The first need is to collect fresh pollen, and then transfer it to another receptive stigma-hence the disposable brushes, available from Amazon, and very cheap-(no need to keep sterilising)- please note- a brush is only one of several ways that pollen can be transferred.
I have now discontinued the use of these brushes, and use instead the pollen collection hairs of the lower petal.
The reason being –the bristles seem to be too firm and can damage the stigma knob.(second photo)
Since compiling this post have bought some water colour brushes fine pointed and now using these as one can see the amount of pollen collected as sometimes the lower petal may not contain any or little pollen. It is also a much more precise method than using a petal I have discovered.
The second attachment shows the stigma ready for pollen, should ideally exhibit a “sticky” top to ensure pollen grains adhere, and the third attachment, a muslin fleece, covering selected plants housed in one of my greenhouses, to keep bees etc away from the naked stigma.
As the nectar tube is removed prior to crossing by removal of bottom bloom, not sure if this is warranted as bumble bees are looking for nectar and collecting pollen on the way, and as this petal also provides a landing platform for the bee seeking nectar.
Perhaps an inquisitive hover fly might just be interested.Or wind induced pollen perhaps?
The last an essential help for the hybridisers’ eyes no matter how good. Probably the most important part of this whole exercise.
The crossing, and preparation needs some care and timing, and I will be interested to measure the results-hopefully showing an attachment of the development of seed pods – on this site.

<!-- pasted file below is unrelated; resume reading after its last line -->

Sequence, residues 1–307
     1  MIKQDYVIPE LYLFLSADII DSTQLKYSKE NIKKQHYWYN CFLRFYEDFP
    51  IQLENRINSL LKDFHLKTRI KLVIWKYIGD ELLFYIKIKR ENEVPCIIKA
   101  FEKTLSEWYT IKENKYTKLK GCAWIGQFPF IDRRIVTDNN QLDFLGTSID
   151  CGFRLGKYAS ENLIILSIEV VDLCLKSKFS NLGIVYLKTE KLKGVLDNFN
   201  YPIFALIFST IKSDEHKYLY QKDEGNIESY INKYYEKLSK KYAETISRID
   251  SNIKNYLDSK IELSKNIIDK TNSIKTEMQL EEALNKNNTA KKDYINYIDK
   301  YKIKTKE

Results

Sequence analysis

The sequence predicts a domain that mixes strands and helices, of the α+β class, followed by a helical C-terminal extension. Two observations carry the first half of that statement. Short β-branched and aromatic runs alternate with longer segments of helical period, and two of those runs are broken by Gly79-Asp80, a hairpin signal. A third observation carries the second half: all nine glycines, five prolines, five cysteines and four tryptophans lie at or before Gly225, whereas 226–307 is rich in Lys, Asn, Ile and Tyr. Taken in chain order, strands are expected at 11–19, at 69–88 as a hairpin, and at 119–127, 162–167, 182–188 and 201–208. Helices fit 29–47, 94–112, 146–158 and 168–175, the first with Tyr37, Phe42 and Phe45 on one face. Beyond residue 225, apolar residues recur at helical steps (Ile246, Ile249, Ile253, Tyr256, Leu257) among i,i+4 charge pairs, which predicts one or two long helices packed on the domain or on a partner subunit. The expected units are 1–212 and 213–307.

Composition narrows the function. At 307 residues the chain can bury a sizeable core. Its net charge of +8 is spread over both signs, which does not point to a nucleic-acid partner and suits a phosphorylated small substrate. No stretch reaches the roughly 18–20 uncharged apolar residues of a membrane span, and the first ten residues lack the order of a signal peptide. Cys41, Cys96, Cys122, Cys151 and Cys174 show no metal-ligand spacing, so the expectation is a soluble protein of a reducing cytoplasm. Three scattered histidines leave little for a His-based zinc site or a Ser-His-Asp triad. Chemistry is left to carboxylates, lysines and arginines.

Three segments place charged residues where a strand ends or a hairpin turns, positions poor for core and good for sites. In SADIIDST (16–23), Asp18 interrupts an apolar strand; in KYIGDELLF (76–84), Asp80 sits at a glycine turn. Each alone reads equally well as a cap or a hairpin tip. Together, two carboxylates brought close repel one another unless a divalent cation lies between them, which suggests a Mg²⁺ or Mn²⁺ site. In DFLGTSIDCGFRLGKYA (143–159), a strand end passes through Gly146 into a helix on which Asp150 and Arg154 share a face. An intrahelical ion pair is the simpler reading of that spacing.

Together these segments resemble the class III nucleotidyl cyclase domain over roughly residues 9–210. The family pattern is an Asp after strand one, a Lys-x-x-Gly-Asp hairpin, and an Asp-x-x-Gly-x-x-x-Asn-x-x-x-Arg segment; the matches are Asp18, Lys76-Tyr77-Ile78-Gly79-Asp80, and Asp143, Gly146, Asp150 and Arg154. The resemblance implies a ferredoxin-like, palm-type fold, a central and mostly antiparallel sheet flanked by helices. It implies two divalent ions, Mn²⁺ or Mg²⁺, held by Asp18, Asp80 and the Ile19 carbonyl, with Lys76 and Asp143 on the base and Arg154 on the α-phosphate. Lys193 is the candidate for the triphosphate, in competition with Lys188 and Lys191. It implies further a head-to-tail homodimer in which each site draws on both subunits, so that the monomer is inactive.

So far 22/6/11 seven crosses have provided seed, five crosses have failed. In all over 30 crosses made so far, and each time I am using a more refined technique. The failures were from the earliest crosses when my methods were poorer.
Kind thanks to the member of the NVPS who has kindly encouraged me in this venture based on his successful Florist types breeding adventures in the past.
An article” summarised “from letters that have been has generously sent to me will, hopefully, be published in the next NVPVS publication for the benefit of potential breeders ,plus my own success /failures and observations-so if interested in learning more about this practical subject- why not join the Society NOW ( details on contact page), and ensure that you receive the advice in order that you may start breeding your own flowers for posterity.
I have bred sweet peas to RHS AGM standard, some still in commerce, since the1970’s,(KERTONS still sell some of my raisings) and so have a fair amount of expertise, but this new venture uses different techniques, and so at present still very much a beginner, with an open mind.
In my view the Society needs MANY MORE KEEN members eager to start hybridising Florist violas and pansies to ensure a continuation of new and improved plant types and flowers from the current cultivars available.
Sadly more and more of the named Florist Fancy Pansy, Show, and Exhibition Violas, seem to be vanishing each season possibly because they are old, and repeated cuttings do not stem the tide of aging, so that unless more reliable newcomers are introduced these already endangered cultivars(plants like humans get tired with age) with their bank of genes going back hundreds of years will be lost never to return, and not able to be viewed by future gardeners.